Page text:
Public speaking may not be your favorite endeavor, but maybe you should try it more often than absolutely needed. It may help you out more than you think.
I occasionally get called on to speak in public, and I've been told I'm very good at it. That feedback, however, came from a colleague who during his own talks is so anxious to get down in front of people that he looks like he's being tortured. I'll still take the compliment.
I don't think it's always right to force otherwise excellent employees to get up on stage and be miserable. For better or worse, though, we live in a world where good presentation skills sometimes, unfairly, trump actual engineering knowledge. If public speaking is a worry, you could take a class on public speaking, but to become a better speaker I simply try to step out of my comfort zone once in a while and volunteer to present.
Recently, I was asked to speak to a group called Beer and Napkins. The purpose of this group is for people to meet up and hash out entrepreneurial ideas in an informal setting. That night, the group met at a bar called the Growler Haus. I felt immediately like I might be out of my league. I have a website about camera-related stuff and I do some freelance writing on the side. Others who were there either represented or owned multimillion-dollar corporations.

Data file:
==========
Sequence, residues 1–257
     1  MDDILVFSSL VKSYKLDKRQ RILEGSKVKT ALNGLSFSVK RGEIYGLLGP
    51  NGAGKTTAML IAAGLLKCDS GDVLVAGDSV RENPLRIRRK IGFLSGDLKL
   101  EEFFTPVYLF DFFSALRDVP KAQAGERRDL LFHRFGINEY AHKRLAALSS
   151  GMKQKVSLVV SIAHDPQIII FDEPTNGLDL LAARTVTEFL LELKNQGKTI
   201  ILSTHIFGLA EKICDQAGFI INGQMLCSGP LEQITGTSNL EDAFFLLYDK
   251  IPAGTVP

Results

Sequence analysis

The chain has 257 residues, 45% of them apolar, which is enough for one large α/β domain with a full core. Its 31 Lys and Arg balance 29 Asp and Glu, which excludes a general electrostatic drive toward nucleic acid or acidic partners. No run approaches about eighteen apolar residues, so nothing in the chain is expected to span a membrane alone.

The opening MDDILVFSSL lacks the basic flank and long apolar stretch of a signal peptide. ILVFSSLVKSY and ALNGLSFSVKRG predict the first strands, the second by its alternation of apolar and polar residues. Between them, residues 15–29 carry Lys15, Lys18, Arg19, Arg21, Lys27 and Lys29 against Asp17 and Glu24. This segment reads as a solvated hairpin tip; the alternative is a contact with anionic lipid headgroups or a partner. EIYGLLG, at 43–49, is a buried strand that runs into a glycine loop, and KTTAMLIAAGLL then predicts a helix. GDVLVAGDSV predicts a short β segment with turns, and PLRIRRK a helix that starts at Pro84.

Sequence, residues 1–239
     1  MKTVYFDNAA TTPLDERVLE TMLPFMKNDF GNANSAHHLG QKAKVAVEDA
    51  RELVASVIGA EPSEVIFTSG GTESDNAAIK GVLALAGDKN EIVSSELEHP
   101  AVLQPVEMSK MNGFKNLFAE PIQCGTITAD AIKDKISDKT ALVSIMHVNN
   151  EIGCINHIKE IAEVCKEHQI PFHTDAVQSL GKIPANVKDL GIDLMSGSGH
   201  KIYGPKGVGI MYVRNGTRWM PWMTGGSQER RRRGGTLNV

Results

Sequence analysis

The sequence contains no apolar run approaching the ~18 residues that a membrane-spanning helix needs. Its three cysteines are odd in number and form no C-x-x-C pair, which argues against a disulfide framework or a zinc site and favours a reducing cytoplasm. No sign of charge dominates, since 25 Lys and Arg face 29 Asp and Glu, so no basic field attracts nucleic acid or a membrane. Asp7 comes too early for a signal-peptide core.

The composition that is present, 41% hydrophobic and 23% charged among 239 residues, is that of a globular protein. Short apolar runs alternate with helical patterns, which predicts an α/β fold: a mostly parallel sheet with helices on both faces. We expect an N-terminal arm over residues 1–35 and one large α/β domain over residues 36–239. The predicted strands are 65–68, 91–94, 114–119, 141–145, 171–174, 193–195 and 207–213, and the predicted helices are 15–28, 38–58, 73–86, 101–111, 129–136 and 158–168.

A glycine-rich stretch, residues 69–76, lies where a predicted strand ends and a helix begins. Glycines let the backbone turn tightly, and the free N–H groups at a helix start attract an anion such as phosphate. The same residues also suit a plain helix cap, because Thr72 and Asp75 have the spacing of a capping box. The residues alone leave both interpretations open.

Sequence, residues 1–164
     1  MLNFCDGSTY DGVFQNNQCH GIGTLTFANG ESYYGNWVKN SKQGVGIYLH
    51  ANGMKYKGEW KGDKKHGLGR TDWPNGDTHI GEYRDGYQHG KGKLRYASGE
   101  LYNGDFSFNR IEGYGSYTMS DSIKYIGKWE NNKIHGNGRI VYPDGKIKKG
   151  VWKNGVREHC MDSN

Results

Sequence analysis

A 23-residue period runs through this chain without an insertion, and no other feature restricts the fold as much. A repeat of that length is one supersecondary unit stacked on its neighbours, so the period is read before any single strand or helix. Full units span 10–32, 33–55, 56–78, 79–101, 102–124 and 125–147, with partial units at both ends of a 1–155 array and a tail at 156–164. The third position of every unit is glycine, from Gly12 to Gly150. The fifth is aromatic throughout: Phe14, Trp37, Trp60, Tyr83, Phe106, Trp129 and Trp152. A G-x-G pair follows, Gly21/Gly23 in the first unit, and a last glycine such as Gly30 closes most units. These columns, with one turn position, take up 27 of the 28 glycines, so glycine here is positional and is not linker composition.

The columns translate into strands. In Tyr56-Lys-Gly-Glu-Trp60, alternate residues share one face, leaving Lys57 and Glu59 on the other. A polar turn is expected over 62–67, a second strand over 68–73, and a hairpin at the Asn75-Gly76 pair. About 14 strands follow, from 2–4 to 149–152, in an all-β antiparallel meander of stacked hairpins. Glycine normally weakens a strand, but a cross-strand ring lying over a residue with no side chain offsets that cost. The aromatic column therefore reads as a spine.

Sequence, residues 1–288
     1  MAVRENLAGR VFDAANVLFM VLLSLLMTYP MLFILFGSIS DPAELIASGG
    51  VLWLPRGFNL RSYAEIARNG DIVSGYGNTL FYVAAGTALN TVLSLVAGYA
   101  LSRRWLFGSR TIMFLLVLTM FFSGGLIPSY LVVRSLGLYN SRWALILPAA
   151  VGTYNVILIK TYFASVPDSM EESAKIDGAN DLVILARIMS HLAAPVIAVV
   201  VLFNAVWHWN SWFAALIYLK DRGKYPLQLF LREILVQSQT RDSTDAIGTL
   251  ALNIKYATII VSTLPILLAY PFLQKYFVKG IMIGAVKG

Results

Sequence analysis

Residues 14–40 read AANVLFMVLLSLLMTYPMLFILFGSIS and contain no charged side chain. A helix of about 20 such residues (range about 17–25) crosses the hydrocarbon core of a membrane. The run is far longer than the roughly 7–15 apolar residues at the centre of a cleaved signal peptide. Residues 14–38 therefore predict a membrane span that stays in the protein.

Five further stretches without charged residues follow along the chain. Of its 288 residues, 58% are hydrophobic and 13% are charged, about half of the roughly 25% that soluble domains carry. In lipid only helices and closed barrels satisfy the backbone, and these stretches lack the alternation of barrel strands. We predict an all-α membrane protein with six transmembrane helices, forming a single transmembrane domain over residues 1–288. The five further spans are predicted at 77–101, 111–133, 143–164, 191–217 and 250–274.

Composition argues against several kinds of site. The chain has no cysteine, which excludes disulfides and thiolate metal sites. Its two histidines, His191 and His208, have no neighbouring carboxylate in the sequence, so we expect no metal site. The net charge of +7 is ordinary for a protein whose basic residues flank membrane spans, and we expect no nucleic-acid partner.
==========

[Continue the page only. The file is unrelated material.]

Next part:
But as soon as I began to speak, my confidence kicked in and I was able to get through my presentation unscathed. Afterwards, though, I reflected on my performance as well as that of others. Some take-aways:
When you find yourself starting to begin a sentence with "At the risk of looking like an *******," it's probably best to stop. Maybe you don't mean to put others down by informing them of your high IQ or family wealth, but if you were to examine your audience you would likely see some major eye-rolling.
Keep in mind that people have limited attention spans; Even if you are an interesting speaker, many people will start to check out after a half hour or so. Maybe even sooner. You don't always have control of your speaking time, but if you do, try to cut out what's not needed. Take this article for example; there's a good chance you've already started skimming the text.
Don't always feel the need to challenge or correct people: During the Q&A, a guy asked me why I don't use a 3D printer. The correct response probably should have been something noncommittal, like "Good idea, I'll look into that." Instead, I tried to justify my use of a CNC router.
I think the best thing to do in these situations is to tacitly agree, then later think about where the person is coming from. Engineers almost always think their way is best, but some introspection is healthy. After all, you wouldn't want to be that 80-year-old guy who owns his own company and has no idea why anyone would want to switch to a 3D drafting package or use a newfangled CNC mill.
If you're using a timer to keep track of things, don't put it in a place you can't get to. A speech I once gave ran much longer than I thought it would be, and I had to scramble over a few people to get to it and shut the ringer off. On a similar note, whether you're speaking or listening, be sure to silence your cellphone!
— Jeremy Cook is a manufacturing engineer with 10 years experience and has a BSME from Clemson University. In his spare time he enjoys writing for DIYtripods.com.